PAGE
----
Qualitative and Systemic Assessment of a Nurse Intervention an Inpatient Child and His or Her Parents (EVALINF)
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|ClinicalTrials.gov Identifier: NCT03977948|
Recruitment Status : Active, not recruiting
First Posted : June 6, 2019
Last Update Posted : June 10, 2019
|Condition or disease||Intervention/treatment|
|Anxiety State Surgery Pediatric Disorder||Other: semi-structured systemic interview|
The hospitalization of a child for surgery is a major event that can disrupt a family's life. Indeed, whatever the degree of severity and type of pathology that leads to hospitalization, a stay in hospital is often synonymous with stress and fear, both for the child and for parents. A lack of knowledge of care procedures, the feeling of not being able to control the situation and a lack of explanations in terms adapted to their age are all factors that contribute to the vulnerability of children hospitalized for surgery.
Preoperative anxiety can be defined as an overflow of the child's ability to cope with stress, induced by the fear of surgery. Significant preoperative anxiety could increase the risk of post-operative complications and promote emotional and behavioural disorders such as: insecurity, guilt, anger, anger, regression, withdrawal or rebellion, it could also have the effect of limiting the child's ability to cope with surgery, encouraging negative behaviours related to health care, but also inhibiting post-operative recovery. These behavioural disorders induced by preoperative anxiety may persist once hospitalization is completed and the family returns home. In addition, if the operating experience is negative, the child may develop separation anxiety or even phobia following surgery and in extreme cases acute stress or even post-traumatic stress. The risk for the child to develop one of these disorders following surgery is increased by the frequency and duration of the anxiety episodes to which he or she will be subjected.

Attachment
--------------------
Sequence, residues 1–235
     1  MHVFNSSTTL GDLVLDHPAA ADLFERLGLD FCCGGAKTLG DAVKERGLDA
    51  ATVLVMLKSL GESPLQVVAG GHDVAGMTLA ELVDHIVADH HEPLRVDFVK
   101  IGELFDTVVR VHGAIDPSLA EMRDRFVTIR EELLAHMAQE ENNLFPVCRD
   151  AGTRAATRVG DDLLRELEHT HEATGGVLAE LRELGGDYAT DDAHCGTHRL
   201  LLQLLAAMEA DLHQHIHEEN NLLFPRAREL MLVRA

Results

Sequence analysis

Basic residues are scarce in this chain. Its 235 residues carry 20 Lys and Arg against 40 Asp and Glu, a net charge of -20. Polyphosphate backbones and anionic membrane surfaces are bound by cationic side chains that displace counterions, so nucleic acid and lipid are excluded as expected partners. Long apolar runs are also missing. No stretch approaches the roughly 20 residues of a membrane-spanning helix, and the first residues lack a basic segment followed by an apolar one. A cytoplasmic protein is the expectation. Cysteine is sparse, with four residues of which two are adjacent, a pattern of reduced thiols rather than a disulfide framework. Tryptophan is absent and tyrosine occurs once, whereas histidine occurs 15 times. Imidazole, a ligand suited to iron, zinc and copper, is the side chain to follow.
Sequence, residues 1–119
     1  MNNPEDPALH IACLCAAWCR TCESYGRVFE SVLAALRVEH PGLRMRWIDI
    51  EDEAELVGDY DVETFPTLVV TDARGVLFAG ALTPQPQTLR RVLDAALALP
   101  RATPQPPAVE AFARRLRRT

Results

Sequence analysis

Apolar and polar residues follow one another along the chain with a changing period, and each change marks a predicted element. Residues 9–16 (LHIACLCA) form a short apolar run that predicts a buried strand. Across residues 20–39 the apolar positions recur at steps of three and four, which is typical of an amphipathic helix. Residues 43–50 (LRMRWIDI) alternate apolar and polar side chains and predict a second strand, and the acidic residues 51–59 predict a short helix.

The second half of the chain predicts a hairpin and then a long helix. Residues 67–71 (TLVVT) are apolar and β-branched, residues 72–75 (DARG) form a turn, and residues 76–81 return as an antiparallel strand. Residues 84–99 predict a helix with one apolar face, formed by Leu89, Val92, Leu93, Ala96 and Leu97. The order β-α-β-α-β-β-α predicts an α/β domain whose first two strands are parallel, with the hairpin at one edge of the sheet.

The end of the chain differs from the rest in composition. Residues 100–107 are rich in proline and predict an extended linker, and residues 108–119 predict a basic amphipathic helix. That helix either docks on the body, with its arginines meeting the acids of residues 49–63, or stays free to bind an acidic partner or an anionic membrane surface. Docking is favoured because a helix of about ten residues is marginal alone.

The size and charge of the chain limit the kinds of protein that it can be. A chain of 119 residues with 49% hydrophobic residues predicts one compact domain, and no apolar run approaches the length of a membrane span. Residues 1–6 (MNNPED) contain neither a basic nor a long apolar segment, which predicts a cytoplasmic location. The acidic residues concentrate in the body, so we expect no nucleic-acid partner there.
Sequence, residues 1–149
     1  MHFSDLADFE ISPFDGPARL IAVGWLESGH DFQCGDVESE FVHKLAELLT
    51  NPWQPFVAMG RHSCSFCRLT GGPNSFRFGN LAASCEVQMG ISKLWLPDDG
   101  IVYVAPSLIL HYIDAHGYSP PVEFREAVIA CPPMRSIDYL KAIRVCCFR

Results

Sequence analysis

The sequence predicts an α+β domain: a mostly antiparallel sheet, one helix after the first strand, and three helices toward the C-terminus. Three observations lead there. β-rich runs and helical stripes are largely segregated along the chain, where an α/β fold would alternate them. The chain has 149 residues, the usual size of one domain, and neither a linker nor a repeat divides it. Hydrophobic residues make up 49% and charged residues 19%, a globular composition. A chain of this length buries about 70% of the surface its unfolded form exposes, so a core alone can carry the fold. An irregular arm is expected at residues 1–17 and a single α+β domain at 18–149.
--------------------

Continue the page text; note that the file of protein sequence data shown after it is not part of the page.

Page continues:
Parents of children hospitalized for surgery would also experience very high stress, related to their perception of their child's state of health, apprehension of invasive treatments, as well as fear of sequelae that could be caused by certain invasive treatments or because of their child's pathology. It is therefore important, during hospitalization and surgery, to take into consideration the anxiety of the child, but also of his or her parents, and to consider how best to manage this anxiety in order to prevent complications.
|Study Type :||Observational|
|Actual Enrollment :||10 participants|
|Official Title:||Qualitative and Systemic Assessment of a Family Health Nurse Intervention Through Play, Which Aims to Prepare an Inpatient Child and His or Her Parents for Heart Surgery|
|Actual Study Start Date :||October 16, 2018|
|Actual Primary Completion Date :||April 15, 2019|
|Estimated Study Completion Date :||August 31, 2019|
- Other: semi-structured systemic interview
Semi-structured systemic interviews will be conducted with families who have benefited from the preparation for surgery through play. Other tools such as the logbook and the socio-demographic questionnaire will also be used. The themes that will emerge from these interviews will provide a better understanding of what these families are going through, how the proposed intervention may or may not have met their expectations, and provide insights so that health care services can build their own surgical preparation programs.
- Questionnaire [ Time Frame: 1 day ]parents' feelings about the nurse's preparation : Advantages and disadvantages, open-ended question, Questionnaire
- Questionnaire [ Time Frame: 1 day ]children's feelings about the nurse's preparation : Advantages and disadvantage, open-ended question, Questionnaire
To learn more about this study, you or your doctor may contact the study research staff using the contact information provided by the sponsor.
Please refer to this study by its ClinicalTrials.gov identifier (NCT number): NCT03977948
|Hôpital Marie Lannelongue|
|Le Plessis Robinson, France, 92350|